The Johns Hopkins Institutions have released their three-year timetable for raising to $7.75 the minimum hourly wage of their own employees and employees of Hopkins contractors.
The university's president, William R. Brody, announced the increases in a February meeting with students and faculty who had been pressing Hopkins to adopt what they call the "living wage." Brody said at the time that a schedule for the changes would have to be worked out with the university's divisions and with the Johns Hopkins Health System, all of which budget independently.
The lowest-paid university full-time, part-time and limited employees already earn no less than $7.70 an hour; their minimum wage will rise to $7.75 on Jan. 1. Contractor employees--such as food service employees working in campus dining halls--will earn a minimum of $6.75 an hour beginning July 1. That will jump to $7.25 on July 1, 2000, and to $7.75 a year later.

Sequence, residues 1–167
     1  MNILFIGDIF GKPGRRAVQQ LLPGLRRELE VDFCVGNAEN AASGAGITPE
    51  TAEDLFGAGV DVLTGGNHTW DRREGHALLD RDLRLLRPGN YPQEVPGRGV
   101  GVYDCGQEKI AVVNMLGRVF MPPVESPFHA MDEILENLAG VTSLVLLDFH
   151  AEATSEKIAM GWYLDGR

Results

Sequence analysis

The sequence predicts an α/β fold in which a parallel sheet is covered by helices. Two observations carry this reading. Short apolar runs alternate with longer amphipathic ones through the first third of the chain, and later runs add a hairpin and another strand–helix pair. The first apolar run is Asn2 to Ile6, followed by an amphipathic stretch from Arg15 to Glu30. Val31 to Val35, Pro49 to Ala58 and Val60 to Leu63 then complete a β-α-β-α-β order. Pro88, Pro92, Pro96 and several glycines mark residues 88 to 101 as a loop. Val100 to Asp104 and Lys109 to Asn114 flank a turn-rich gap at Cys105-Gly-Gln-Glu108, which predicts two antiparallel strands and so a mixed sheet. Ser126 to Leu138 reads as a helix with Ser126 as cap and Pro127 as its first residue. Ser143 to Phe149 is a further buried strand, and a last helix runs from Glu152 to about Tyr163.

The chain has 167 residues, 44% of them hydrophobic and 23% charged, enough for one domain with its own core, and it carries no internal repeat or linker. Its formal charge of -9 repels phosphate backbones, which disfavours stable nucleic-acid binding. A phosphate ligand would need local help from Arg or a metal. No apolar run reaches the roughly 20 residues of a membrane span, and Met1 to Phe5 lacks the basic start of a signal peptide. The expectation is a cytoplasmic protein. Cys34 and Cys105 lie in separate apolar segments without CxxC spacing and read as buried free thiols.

Contractor workers in the health system will get an increase to a minimum of $6 an hour on July 1, $6.50 on July 1, 2000, and $7 a year later. The $7.75 minimum will be in effect for all health system full-time and part-time employees and contractor employees by July 1, 2002.
In all, the changes will affect jobs now held by about 550 employees of the institutions and about 450 employees of contractors. The total number of direct or contractor employees is nearly 24,000.
The current federal minimum wage is $5.15 an hour. The "living wage" written into ordinances governing Baltimore City contracts is $7.70, though advocates say the actual wage necessary to sustain a family has risen since that level was established.